Christians worship a god who is repeatedly disappointed with his own creation. This god severely punishes and kills people for being the way he made them. Some people claim God gave humans “free will,” and their sinful behavior is their own choice and their own fault. Wouldn’t an all-knowing god know this? If an outcome is clearly predictable, does it justify punishment? Why would you create something to be a particular way & then be upset when it behaves in that way?
The mythology of Noah and the flood is another example of an incompetent creator. It describes “the wickedness of men [as] great in the earth.” “And the Lord was sorry that he had made man on the earth, and it grieved him to his heart.” Evidently even a supernatural god makes mistakes and has regrets. So God decided his best option was to kill all humans and all other living animals. I have no idea what “wickedness” the animals had committed. But God decided Noah was a “righteous man, blameless in his generation.” God’s absurd plan was for Noah to build a boat and take his family and a few individuals of every animal “kind” on earth (either a male and female of each kind or seven pairs of “clean” animals and two pairs of “unclean” kinds) and have it rain for forty days. The story claims the water covered all the mountains and drowned every living thing. I’m not sure how it drowned the fish, but that’s the story. I guess the point is to scare everyone. After 150 days, the boat came to rest on a mountain. Then three months later, the tops of mountains could be seen. In spite of seeing mountain tops, Noah had to send a raven and a dove twice to check for dry land. The second dove came back with an olive leaf. That’s amazing in itself only 47 days after seeing mountain tops. Surprisingly, the first thing Noah did to please God was to sacrifice several animals. It seems like an odd choice when only a few animals existed. A more pleasant allegory from this episode was imagining rainbows as symbols of God’s promise not to flood the earth again. By the way, very similar flood stories existed in many cultures before this one was written.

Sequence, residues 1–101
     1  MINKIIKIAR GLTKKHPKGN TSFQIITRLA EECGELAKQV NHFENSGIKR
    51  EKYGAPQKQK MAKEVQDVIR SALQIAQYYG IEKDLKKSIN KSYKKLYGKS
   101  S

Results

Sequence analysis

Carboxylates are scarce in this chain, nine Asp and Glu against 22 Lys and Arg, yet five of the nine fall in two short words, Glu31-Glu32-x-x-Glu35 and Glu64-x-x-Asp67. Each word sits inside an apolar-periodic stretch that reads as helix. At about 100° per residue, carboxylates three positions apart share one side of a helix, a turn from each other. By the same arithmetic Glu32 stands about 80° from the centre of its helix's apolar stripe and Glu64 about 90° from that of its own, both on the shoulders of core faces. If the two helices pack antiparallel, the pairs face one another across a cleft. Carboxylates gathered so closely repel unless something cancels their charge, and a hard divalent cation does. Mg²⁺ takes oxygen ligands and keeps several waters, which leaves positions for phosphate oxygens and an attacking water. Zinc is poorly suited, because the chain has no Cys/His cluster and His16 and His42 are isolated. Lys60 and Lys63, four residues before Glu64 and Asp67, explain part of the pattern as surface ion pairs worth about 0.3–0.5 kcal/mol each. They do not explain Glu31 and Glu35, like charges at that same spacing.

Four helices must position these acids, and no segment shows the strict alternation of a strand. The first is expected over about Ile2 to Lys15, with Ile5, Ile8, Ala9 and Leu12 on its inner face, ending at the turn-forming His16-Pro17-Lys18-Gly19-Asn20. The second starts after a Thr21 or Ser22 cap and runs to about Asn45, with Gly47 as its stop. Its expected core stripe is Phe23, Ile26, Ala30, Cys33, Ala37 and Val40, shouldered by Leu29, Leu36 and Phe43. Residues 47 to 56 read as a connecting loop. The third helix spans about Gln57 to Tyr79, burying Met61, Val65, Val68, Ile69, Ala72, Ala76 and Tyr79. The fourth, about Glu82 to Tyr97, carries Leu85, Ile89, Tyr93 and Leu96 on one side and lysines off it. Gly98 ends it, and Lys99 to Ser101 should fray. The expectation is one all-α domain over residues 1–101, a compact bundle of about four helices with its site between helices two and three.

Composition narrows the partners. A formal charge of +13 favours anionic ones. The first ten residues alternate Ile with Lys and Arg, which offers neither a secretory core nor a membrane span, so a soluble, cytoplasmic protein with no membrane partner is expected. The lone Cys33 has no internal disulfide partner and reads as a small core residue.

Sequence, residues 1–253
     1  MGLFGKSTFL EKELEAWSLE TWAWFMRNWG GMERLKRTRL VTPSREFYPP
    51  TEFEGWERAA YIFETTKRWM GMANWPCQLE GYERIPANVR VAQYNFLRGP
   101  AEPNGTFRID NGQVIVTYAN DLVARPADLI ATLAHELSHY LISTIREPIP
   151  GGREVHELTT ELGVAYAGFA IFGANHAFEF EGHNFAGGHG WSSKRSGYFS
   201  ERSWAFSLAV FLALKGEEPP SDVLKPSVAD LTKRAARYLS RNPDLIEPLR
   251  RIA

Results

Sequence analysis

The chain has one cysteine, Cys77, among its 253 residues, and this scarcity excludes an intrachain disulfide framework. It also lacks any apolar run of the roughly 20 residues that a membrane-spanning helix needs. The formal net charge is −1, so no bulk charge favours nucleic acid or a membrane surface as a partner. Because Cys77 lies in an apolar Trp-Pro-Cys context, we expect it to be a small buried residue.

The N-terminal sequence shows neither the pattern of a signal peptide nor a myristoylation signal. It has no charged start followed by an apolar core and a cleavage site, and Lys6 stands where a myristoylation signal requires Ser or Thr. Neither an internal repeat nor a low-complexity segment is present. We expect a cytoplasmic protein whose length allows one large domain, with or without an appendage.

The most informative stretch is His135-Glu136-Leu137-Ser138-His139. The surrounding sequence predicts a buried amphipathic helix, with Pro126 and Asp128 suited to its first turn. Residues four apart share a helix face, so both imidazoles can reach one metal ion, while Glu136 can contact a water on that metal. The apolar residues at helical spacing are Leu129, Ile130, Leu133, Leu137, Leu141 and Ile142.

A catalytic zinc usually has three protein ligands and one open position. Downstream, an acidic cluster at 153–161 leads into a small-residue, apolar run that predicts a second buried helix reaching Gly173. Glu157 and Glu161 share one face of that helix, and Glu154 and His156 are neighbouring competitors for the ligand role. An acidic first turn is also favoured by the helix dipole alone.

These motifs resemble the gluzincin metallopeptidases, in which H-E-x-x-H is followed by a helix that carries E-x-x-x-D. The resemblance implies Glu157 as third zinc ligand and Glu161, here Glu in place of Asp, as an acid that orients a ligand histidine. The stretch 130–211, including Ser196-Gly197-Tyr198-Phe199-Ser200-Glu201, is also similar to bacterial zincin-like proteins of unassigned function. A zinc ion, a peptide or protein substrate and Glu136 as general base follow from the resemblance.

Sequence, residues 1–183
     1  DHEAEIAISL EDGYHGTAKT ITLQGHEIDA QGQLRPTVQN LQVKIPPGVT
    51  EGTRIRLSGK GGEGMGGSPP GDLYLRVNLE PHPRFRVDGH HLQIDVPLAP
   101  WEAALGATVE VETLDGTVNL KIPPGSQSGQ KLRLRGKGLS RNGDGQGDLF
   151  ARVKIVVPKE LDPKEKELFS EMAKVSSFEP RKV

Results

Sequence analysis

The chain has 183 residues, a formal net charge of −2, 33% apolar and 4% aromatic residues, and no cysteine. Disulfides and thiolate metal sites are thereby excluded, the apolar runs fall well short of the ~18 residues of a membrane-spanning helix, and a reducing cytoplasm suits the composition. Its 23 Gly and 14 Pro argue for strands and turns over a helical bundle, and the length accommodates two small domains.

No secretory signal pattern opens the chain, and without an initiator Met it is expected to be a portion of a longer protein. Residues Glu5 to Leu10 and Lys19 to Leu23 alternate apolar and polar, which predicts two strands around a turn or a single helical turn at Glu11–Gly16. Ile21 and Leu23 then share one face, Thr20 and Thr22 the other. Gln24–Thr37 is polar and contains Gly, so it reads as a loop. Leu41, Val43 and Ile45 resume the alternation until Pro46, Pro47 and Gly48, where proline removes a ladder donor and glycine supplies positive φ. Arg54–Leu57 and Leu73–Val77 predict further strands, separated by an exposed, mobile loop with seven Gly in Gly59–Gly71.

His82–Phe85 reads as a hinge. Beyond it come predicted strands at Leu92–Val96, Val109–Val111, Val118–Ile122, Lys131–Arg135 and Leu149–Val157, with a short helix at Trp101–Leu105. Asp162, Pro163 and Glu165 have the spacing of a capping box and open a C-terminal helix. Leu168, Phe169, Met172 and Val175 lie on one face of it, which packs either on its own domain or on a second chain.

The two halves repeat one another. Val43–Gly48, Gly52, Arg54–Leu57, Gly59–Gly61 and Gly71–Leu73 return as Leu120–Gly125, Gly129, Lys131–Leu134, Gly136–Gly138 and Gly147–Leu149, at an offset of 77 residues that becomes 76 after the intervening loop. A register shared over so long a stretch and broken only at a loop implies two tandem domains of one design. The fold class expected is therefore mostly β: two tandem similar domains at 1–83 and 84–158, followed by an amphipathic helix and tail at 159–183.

The pleasant rainbow allegory was followed by a punishing moral tale of son Canaan seeing his drunken father’s “nakedness.” For that accidental event, Canaan was cursed by Noah to be a slave to his brothers. Evidently seeing your father’s penis is a terrible sin. That contrived message may contribute to human shame about our bodies, especially our genitals.
Then we have stories of Abraham, considered one of the great Hebrew patriarchs. He lied to an Egyptian pharaoh that his wife, Sarai, was really his sister just to save himself from imagined harm and endear himself to the pharaoh. Abraham prostituted his wife to the pharaoh and became rich. When the pharaoh discovered the deception, he kicked Abraham and Sarai out of Egypt. Evidently, lying and prostituting your wife to a ruler was acceptable to God because Abraham was greatly rewarded. Then Abraham was ordered by God to circumcise himself and every male he owned, and that barbaric practice was born. Abraham also tried the same lie again claiming his wife was his sister. He excused it again as a way to protect himself and because Sarah (name changed) was actually his half sister. Each time, his lie got him great wealth.